AATI Expels Members for Founding IAPTI – IAPTI

Published 2010-03-19

AATI Expels Members for Founding IAPTI

Buenos Aires, March 5,  2010 

Accuses Them of Trying to Undermine AATI

The Argentine Association of Translators and Interpreters (AATI) has revoked the membership of three professionals, Aurora Matilde Humarán, Gabriela Mejías and José Luis Villanueva Senchuk,  for the simple reason that they are founding members of the International Association of Professional Translators and Interpreters (IAPTI). 

Pressure began to be brought to bear in November of 2009, when the Board of Directors of AATI sent each of these professionals an "invitation" (complete with an urgent response deadline) to explain why they had decided to create a new association "with the same aims as those of AATI". Naturally, the response was that the creation of IAPTI in no way whatsoever implied detriment of any kind to any already existing association, but rather, just the contrary.  

There are, in fact, several marked differences between IAPTI and AATI, although this clearly does not imply that they are contradictory organizations, since they are, indeed, complementary. In the first place, IAPTI’s scope is international: Its purpose is to encompass translators and interpreters worldwide. This is an objective that is only achievable by having an understanding of the global outlook for our profession. IAPTI is made up of professionals from a number of different countries, who possess a deep knowledge of reality on the international translation and interpretation market. IAPTI is, then, in a unique position from which to work for the good of translators and interpreters in these times of globalization and from a well rounded viewpoint of the profession as a whole.   

This globally integrated viewpoint implies not only the inclusion of translators and interpreters from all over the world, but also the understanding that many colleagues from a variety of different countries do not possess translating or interpreting diplomas. But these are professionals who should indeed be included in any association that wishes to genuinely reflect the broader professional community and to work to correct a number of  irregularities that exist today in Italy, the United Kingdom, the United States, Argentina, Brazil, India and so many other countries around the world. AATI, on the other hand, with very few exceptions, does not admit translators and interpreters who do not hold a degree. IAPTI has foreseen a rigorous method for admission, designed to corroborate the professional experience of its members, based on analysis of each applicant’s background, but without making the holding of a diploma an exclusive membership requirement.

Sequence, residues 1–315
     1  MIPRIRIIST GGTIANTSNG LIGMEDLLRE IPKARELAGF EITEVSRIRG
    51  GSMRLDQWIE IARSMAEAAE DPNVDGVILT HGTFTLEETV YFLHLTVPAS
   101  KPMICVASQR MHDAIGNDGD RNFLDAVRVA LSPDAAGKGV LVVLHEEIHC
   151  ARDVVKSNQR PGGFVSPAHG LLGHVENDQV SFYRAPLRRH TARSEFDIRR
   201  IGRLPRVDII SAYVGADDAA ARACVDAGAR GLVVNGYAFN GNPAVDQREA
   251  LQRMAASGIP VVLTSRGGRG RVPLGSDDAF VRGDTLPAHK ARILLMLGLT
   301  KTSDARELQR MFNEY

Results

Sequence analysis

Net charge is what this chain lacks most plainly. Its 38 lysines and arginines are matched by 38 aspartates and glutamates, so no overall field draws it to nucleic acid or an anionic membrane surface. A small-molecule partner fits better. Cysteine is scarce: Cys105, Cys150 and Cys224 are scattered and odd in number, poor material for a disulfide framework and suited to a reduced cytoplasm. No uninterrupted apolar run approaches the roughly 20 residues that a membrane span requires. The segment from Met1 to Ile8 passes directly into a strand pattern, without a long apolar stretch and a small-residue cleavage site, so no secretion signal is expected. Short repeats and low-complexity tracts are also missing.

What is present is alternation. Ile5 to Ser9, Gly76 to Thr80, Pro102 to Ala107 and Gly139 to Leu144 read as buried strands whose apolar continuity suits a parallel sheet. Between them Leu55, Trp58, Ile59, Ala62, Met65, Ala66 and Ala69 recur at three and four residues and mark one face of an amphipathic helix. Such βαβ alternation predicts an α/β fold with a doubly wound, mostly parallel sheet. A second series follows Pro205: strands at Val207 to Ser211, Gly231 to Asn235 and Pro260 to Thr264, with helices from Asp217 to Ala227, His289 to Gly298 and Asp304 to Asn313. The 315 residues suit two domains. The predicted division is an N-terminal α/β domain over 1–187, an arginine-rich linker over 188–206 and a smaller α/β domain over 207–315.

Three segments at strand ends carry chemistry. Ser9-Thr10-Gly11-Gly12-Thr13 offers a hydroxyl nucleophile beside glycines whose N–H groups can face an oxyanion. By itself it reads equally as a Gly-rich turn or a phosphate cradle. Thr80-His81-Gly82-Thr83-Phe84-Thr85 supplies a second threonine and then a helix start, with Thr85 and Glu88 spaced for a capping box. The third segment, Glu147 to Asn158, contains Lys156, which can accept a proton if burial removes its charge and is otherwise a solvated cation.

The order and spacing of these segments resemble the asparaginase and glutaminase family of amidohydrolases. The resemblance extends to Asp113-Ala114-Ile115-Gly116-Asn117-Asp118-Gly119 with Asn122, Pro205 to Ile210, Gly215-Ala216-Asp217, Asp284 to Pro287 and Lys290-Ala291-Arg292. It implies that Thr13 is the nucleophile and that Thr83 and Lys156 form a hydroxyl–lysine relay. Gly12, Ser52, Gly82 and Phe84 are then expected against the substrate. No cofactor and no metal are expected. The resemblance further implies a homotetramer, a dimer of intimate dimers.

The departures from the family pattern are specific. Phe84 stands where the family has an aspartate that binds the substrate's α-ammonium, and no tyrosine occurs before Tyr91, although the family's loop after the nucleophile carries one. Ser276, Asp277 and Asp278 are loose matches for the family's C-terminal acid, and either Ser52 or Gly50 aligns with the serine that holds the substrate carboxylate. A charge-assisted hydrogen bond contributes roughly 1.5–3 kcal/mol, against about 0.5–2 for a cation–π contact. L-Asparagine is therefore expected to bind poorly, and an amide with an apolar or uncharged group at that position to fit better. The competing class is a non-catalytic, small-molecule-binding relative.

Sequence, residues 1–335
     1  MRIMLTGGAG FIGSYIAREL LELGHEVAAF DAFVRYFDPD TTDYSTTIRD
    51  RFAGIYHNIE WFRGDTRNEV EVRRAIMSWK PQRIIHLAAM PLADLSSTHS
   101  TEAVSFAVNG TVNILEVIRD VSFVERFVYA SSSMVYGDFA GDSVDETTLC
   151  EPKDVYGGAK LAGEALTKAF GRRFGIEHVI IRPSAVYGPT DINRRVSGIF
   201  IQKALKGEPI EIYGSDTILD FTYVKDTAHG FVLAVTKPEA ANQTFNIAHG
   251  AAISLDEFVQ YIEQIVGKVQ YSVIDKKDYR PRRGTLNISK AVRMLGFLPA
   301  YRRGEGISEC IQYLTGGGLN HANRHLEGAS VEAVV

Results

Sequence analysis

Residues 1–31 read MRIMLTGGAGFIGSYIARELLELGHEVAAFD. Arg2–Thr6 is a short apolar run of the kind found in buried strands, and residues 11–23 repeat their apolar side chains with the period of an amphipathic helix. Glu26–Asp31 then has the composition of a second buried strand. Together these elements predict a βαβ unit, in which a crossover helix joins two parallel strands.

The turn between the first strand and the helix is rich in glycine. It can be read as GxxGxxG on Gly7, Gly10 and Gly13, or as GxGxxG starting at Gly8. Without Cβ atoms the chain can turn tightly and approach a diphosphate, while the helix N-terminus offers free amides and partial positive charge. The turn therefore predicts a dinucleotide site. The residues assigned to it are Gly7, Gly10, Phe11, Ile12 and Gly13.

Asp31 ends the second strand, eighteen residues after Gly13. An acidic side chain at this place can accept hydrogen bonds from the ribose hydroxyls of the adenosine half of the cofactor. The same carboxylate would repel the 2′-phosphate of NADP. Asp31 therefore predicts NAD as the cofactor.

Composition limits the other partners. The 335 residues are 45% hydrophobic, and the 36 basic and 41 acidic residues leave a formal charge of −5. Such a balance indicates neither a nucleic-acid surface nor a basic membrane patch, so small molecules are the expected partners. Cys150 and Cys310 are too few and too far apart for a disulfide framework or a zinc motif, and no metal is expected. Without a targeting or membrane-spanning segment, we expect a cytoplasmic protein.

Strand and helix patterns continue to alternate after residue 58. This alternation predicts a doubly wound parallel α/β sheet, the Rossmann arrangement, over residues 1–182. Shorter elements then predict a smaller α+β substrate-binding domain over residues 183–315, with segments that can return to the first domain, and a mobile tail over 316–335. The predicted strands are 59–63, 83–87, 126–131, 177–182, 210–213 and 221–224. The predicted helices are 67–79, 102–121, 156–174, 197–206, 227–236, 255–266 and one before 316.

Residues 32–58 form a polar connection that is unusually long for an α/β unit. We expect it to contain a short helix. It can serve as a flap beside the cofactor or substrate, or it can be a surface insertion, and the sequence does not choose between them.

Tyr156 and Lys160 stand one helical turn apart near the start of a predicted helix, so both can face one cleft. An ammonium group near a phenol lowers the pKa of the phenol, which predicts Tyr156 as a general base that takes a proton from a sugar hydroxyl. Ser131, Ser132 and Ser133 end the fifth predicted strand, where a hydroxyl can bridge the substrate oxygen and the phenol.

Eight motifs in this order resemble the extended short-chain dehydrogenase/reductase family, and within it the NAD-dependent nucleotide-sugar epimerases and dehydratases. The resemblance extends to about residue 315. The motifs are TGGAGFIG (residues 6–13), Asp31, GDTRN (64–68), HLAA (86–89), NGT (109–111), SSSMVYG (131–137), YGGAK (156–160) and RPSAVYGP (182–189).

IAPTI’s authorities want to make it clear that they have attempted to establish institutional relations with AATI since the day after the new Association’s Bylaws were signed and sealed. Nevertheless, AATI’s authorities have not only rejected all invitations to initiate dialog and cooperation, but have also repeatedly persecuted those who are members of both organizations, eventually making the decision to expel them from that group. 

IAPTI is of the idea that only through dialog can the common objectives of professionals be attained, in the search for changes to an adverse reality and applying different tools from different viewpoints.   It is for this reason that the guiding principles of IAPTI members have always included cooperation and teamwork in the company of all of the many organizations representing, as in the case of AATI, the translating and interpreting profession. But it is apparent that this desire for dialog and cooperation is not shared by the Board of AATI.

About IAPTI

The International Association of Professional Translators and Interpreters (IAPTI) is a legally established (final status pending) civil association. It currently has members in 27 countries. It was established on September 30, 2009, with the aim of becoming a factor for change within a globalized reality, which, for the time being, is flagrantly detrimental to the interests of translating and interpreting professionals.   

Contact information: Maria Karra, Head of the IAPTI Foreign Relations Committee  maria.karra@aipti.org